Can Individual Differences in the Range of Stress Hormone Production Predict Behavioral Coping with Challenge?

Open Access
Author:
Platz, Erin Renee
Area of Honors:
Biology
Degree:
Bachelor of Science
Document Type:
Thesis
Thesis Supervisors:
  • Victoria A Braithwaite, Thesis Supervisor
  • James Harold Marden, Honors Advisor
Keywords:
  • Sprague Dawley
  • rats
  • reactive scope
  • stress
  • corticosterone
  • successive negative contrast
  • SNC
  • coping
  • stress hormone
Abstract:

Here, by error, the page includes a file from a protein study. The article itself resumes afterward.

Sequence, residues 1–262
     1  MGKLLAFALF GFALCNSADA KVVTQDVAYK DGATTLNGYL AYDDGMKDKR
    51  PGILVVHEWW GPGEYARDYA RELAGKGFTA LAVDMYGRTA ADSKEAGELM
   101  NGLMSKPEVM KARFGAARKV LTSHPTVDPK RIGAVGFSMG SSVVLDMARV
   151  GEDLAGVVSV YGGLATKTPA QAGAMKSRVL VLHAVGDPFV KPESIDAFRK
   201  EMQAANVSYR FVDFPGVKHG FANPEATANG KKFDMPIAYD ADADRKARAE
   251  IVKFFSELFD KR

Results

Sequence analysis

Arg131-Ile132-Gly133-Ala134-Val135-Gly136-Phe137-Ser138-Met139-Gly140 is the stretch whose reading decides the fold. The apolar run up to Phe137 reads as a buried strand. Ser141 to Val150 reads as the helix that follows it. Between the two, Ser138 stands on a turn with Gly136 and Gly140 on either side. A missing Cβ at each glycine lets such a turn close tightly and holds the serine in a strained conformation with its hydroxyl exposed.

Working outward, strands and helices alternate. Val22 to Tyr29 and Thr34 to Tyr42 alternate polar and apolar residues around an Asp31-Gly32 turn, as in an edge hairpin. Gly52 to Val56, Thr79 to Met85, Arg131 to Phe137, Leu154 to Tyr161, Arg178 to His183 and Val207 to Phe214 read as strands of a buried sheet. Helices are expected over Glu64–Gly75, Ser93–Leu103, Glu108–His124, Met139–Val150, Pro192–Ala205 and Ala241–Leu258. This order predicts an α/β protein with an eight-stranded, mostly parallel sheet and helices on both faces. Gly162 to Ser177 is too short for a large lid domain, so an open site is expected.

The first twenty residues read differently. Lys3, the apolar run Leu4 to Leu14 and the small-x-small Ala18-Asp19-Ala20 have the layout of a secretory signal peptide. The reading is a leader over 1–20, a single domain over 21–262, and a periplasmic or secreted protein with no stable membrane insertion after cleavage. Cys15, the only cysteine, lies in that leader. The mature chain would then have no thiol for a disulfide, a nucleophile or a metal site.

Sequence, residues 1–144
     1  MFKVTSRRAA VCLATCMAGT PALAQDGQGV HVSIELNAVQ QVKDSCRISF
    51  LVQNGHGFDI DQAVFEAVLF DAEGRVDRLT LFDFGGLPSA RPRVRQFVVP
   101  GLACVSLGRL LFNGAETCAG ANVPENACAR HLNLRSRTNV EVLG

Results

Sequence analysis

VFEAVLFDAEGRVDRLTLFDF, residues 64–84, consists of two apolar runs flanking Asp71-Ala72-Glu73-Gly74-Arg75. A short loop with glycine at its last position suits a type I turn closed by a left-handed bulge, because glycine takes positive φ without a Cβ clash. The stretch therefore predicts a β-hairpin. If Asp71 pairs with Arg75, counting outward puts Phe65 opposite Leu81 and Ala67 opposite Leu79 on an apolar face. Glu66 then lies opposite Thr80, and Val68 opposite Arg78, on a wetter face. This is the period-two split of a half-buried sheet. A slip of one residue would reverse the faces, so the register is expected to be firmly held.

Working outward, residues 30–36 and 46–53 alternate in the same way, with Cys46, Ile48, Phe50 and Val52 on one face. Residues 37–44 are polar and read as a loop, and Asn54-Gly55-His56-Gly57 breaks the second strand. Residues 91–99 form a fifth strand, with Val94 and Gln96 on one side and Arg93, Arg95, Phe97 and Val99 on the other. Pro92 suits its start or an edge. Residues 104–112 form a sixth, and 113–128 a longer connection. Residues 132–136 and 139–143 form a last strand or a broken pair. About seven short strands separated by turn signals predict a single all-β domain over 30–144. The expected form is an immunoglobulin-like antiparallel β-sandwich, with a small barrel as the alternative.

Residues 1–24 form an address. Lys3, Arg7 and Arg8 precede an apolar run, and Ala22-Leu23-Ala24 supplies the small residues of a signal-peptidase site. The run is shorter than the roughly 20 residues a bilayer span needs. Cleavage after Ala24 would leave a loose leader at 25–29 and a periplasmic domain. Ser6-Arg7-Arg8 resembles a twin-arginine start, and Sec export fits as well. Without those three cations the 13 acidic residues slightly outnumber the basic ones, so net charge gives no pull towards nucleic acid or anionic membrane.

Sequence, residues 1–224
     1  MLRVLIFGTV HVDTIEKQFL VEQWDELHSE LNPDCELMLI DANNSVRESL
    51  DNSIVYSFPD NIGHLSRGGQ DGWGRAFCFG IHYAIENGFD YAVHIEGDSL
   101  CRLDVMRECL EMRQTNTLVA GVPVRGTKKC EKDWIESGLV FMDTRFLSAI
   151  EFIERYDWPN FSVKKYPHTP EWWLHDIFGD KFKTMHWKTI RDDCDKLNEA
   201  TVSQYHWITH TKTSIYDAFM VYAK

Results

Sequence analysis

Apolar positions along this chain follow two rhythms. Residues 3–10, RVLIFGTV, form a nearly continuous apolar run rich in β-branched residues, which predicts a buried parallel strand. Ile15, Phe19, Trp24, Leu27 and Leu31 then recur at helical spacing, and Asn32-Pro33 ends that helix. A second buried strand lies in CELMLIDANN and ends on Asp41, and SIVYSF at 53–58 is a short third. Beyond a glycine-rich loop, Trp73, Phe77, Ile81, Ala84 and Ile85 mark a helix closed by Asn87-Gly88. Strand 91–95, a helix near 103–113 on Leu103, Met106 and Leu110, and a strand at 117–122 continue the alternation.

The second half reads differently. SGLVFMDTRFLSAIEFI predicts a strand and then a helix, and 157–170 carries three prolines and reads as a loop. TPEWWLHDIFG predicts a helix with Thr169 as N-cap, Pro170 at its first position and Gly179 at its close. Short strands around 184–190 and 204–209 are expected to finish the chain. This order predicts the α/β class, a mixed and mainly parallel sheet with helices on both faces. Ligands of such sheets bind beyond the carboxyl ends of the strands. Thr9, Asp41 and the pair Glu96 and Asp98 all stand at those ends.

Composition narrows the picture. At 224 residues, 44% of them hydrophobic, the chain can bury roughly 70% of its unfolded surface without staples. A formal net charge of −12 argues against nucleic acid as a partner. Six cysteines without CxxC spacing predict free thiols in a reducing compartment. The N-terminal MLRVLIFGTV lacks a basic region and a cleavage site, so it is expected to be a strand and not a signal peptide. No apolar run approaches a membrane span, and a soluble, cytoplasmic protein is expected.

Every animal handles unexpected stimuli and situations differently. An individual’s ability to cope with challenge is dependent upon prior experience and intrinsic factors such as endocrine sensitivity. Our study assesses how the physiological range of stress hormone production, intrinsic to an animal, influences how it responds to chronic stress over time. In this experiment, we evaluate the hormone production of 30 male Sprague Dawley rats exposed to either chronic stress or control housing conditions. Normal, circulating, and challenged corticosterone levels were assessed before and after the stress treatment was applied. To assess the behavioral response to challenge, we conducted a successive negative contrast (SNC) test. This test assesses how the animal copes with a sudden decrease in reward value. Animals that are more sensitive to challenges show a greater sensitivity to this unexpected downshift in the reward value. After the SNC test took place, a third and final round of blood collections occurred. The corticosterone levels were evaluated using a radioimmunoassay kit and it was determined that the chronic stress period resulted in decreased peak corticosterone production [RMANOVA, F(1, 28) = 5.54, P < 0.03], and decreased reactive scope of corticosterone production [RMANOVA, F(1, 27) = 5.120, P = 0.03]. The SNC responses were not different between the stress and control rats [RMANOVA, F(1, 28) = 0.02, P = 0.90]. Comparisons were then conducted on the hormone profiles of the animals with their behavioral response to the SNC challenge. A direct trend between reactive scope and SNC recovery score was found after the stress period at time point 2 and 3 [R = 0.70, P < 0.01] and [R = 0.51, P < 0.01] showing that stress does in fact cause individual variations in reactive scope and therefore coping ability.